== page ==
<b>Swann Auction Galleries Aug 5:</b> Leonardo Bistolfi, <i>Première Exposition Internationale des Arts Décoratifs Modernes,</i> 1902. $7,000 to $10,000.
    <b>Swann Auction Galleries Aug 5:</b> Leonetto Cappiello, <i>Paquet Pernot / Biscuits Pernot,</i> 1910. $4,000 to $6,000.
    <b>Swann Auction Galleries Jul 15:</b> Jessie Tarbox Beals, archive of signed photographs, 15 silver prints, c. 1930. $6,000 to $8,000.
    <b>Swann Auction Galleries Aug 5:</b> Francesco Nonni, <i>Font Meo / Acqua Minerale Naturale,</i> 1924. $4,000 to $6,000.
    <b>Swann Auction Galleries Aug 5:</b> Frederick Winthrop Ramsdell, <i>American Crescent Cycles,</i> 1899. $3,000 to $4,000.
    <b>Swann Auction Galleries Aug 5:</b> <i>Be a Tight Wad! Own Something!</i> designer unknown, 1925. $2,000 to $3,000.
    <b>Swann Auction Galleries Aug 5:</b> Candido Aragonese de Faria, <i>Chamonix–Mont–Blanc,</i> c. 1910. $3,000 to $4,000.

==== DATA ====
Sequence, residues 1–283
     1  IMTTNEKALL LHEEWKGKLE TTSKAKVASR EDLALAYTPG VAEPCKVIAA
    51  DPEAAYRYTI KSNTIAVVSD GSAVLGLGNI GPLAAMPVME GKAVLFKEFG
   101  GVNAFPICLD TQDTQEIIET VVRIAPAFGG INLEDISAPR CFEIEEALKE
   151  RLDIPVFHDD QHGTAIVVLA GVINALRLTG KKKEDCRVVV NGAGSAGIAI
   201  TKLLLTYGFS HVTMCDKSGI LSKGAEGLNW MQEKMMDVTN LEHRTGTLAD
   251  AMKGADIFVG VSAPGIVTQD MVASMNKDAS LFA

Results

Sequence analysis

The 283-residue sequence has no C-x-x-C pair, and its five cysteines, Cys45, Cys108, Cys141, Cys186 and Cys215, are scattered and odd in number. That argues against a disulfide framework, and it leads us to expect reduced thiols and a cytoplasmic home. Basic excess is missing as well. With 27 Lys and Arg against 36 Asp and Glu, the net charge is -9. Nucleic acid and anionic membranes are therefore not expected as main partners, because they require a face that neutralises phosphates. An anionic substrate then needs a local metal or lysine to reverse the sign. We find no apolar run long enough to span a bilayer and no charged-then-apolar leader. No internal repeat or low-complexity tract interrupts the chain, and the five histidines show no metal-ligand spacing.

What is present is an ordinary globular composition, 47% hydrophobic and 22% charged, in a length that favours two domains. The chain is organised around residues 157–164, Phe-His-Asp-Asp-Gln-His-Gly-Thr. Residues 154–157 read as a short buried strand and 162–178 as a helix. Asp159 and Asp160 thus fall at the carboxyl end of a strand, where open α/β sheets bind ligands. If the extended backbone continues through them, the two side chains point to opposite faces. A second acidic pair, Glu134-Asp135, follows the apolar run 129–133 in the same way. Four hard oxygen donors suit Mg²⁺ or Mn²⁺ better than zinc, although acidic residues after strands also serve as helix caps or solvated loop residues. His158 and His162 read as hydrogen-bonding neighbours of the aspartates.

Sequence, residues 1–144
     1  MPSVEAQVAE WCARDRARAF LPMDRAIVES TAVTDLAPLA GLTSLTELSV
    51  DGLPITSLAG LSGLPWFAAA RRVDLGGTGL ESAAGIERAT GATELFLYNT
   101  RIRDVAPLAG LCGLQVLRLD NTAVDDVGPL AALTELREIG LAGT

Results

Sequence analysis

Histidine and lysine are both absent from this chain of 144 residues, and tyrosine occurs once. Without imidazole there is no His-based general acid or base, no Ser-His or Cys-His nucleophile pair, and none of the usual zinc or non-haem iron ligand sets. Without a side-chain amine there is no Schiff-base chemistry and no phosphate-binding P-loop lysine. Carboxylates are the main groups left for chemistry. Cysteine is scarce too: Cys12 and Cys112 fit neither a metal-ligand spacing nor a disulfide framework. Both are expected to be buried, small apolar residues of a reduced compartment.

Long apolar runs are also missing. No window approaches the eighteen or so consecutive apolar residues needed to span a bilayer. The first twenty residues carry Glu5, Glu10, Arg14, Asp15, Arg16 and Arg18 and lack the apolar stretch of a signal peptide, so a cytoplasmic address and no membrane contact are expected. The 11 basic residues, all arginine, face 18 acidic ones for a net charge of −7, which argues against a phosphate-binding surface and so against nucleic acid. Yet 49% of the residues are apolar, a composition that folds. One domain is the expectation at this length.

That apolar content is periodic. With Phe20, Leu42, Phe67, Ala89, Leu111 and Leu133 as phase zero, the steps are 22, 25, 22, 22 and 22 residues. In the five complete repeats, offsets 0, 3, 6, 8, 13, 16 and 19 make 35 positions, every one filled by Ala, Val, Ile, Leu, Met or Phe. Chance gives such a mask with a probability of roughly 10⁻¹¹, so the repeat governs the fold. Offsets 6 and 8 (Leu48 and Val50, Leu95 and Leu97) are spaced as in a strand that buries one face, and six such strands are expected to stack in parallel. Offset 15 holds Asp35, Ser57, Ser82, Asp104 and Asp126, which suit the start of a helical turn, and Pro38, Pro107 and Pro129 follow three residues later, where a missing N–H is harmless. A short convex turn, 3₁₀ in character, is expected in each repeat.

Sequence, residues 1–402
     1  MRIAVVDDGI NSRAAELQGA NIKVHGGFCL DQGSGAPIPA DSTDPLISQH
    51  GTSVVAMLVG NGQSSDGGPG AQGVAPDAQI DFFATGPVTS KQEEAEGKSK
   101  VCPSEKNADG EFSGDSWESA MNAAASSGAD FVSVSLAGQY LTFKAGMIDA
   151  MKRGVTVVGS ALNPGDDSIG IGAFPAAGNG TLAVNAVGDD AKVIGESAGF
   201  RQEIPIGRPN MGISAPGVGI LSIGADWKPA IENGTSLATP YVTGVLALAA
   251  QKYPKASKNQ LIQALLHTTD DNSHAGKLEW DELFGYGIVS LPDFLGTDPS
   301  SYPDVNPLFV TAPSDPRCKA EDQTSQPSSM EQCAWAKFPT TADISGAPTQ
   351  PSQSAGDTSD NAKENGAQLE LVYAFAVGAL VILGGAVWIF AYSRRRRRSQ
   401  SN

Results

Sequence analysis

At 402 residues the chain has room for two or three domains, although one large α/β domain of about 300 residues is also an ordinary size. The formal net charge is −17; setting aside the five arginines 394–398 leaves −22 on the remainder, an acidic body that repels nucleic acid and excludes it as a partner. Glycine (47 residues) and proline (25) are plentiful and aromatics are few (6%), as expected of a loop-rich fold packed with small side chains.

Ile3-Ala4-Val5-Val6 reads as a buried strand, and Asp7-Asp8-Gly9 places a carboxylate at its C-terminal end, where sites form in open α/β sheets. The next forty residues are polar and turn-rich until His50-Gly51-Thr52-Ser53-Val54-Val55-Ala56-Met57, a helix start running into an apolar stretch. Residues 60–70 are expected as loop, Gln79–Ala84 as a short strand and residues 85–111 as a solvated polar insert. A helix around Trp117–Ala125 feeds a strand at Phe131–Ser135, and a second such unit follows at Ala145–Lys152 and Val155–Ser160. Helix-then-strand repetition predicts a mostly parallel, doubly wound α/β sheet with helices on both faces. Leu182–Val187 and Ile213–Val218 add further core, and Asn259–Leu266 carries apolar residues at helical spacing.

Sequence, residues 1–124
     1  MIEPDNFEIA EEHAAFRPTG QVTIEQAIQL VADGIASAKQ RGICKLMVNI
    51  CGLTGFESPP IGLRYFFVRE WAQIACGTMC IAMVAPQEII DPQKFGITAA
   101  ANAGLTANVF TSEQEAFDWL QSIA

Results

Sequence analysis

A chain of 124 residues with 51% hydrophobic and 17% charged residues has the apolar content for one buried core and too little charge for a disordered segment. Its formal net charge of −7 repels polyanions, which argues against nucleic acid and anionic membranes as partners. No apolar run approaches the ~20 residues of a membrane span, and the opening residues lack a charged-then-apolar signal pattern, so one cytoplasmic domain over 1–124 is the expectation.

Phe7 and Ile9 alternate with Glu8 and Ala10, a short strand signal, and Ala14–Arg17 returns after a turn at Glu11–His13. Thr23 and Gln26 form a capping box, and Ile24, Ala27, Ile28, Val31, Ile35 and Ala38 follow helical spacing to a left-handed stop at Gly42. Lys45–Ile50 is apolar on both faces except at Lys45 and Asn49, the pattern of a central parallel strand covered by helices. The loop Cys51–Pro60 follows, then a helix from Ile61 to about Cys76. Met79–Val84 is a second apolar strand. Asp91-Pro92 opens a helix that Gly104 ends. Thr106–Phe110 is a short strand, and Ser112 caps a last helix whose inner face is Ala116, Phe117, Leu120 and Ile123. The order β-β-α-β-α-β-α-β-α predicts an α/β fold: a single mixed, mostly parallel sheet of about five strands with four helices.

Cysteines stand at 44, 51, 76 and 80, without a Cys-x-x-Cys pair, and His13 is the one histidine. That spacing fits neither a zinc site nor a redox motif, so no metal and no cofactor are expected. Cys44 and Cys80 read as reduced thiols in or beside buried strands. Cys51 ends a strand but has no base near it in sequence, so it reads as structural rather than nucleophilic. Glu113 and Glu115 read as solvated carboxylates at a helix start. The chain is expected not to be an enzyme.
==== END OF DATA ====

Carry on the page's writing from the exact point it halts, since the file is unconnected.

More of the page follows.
<b>Swann Auction Galleries Aug 5:</b> W.E.J., <i>Irishmen Avenge the Lusitania,</i> c. 1915. $2,000 to $3,000.
  • <center><b>Trillium Antique Prints & Rare Books<br>Fine Art<br>Antique Engravings & Lithographs<br>Works on Paper<br>Accepting bids until August 7</b>
    <b>Trillium, Aug. 7:</b> Maitres Affiches by MUCHA - Papier a cigarettes Job. 202. $5,000 to $10,000.
    <b>Trillium, Aug. 7:</b> De Bry - Map of the West Indies (including Florida, Cuba, Jamaica, Bahamas, Parts of Central & South America, Sea Monsters, Ships). $6,000 to $9,000.
    <b>Trillium, Aug. 7:</b> Gould - Short-billed Toucan (Ramphastos Brevicarinatus). $5,000 to $8,000.
    <center><b>Trillium Antique Prints & Rare Books<br>Fine Art<br>Antique Engravings & Lithographs<br>Works on Paper<br>Accepting bids until August 7</b>
    <b>Trillium, Aug. 7:</b> Redoute, Folio - Pale Iris - Iris flavescens. 375. $3,000 to $5,000.
    <b>Trillium, Aug. 7:</b> Gillray - Light Expelling Darkness or The Sun of the Constitution. $200 to $500.
    <b>Trillium, Aug. 7:</b> Gerard - Wild Hemp or Weed, Cannabis. 708. $150 to $450.
    <b>Trillium, Aug. 7:</b> Shaw & Nodder - Head of The Dodo. 165. $100 to $300.